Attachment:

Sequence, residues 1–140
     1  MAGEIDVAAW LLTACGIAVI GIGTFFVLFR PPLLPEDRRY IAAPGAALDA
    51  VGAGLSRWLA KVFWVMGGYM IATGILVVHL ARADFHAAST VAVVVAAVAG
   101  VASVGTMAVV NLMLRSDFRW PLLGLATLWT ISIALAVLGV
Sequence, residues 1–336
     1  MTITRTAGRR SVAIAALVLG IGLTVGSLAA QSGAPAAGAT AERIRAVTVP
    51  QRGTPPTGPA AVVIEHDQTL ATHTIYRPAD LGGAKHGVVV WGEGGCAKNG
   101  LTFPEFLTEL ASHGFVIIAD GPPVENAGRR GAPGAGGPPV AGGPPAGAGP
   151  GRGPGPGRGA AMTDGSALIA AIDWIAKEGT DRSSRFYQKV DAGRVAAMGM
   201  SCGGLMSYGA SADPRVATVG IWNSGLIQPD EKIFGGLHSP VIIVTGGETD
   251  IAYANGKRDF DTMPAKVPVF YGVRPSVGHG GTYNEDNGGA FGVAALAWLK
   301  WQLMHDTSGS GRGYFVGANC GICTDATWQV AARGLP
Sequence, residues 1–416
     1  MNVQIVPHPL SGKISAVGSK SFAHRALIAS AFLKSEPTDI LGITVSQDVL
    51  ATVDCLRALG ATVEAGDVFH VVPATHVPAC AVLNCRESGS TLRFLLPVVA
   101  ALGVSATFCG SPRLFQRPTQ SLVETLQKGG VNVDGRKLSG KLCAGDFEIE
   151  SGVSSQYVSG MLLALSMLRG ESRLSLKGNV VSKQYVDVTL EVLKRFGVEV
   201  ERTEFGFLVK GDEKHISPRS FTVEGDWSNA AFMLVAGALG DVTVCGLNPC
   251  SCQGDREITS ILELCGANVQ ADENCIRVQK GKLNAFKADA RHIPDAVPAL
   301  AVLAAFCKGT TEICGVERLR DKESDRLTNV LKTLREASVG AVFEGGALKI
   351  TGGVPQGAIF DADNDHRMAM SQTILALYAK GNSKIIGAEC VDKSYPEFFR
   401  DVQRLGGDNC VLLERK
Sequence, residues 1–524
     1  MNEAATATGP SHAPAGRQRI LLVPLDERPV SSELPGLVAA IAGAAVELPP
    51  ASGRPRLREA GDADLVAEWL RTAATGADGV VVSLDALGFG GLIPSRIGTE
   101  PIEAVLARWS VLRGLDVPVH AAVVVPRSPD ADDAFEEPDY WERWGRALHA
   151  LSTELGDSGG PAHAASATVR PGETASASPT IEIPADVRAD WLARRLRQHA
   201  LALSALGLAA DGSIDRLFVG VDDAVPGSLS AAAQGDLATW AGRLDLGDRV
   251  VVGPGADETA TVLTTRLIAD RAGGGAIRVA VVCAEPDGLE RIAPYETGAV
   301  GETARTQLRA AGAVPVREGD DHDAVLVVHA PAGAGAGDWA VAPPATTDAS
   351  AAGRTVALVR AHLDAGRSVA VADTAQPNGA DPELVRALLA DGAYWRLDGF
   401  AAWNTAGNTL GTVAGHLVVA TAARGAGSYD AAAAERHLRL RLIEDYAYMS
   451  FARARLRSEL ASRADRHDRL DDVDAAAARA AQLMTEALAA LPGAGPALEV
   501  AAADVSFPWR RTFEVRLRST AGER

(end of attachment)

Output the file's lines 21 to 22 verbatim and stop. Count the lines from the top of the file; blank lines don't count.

   351  TGGVPQGAIF DADNDHRMAM SQTILALYAK GNSKIIGAEC VDKSYPEFFR
   401  DVQRLGGDNC VLLERK